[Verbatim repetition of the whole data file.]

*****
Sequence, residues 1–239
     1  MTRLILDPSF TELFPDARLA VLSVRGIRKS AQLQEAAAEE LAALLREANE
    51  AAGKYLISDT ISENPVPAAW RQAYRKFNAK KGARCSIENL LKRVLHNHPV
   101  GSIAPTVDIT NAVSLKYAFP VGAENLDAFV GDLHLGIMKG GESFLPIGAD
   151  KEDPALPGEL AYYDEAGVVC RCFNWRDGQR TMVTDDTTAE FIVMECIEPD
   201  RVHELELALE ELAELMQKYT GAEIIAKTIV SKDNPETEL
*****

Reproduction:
Sequence, residues 1–239
     1  MTRLILDPSF TELFPDARLA VLSVRGIRKS AQLQEAAAEE LAALLREANE
    51  AAGKYLISDT ISENPVPAAW RQAYRKFNAK KGARCSIENL LKRVLHNHPV
   101  GSIAPTVDIT NAVSLKYAFP VGAENLDAFV GDLHLGIMKG GESFLPIGAD
   151  KEDPALPGEL AYYDEAGVVC RCFNWRDGQR TMVTDDTTAE FIVMECIEPD
   201  RVHELELALE ELAELMQKYT GAEIIAKTIV SKDNPETEL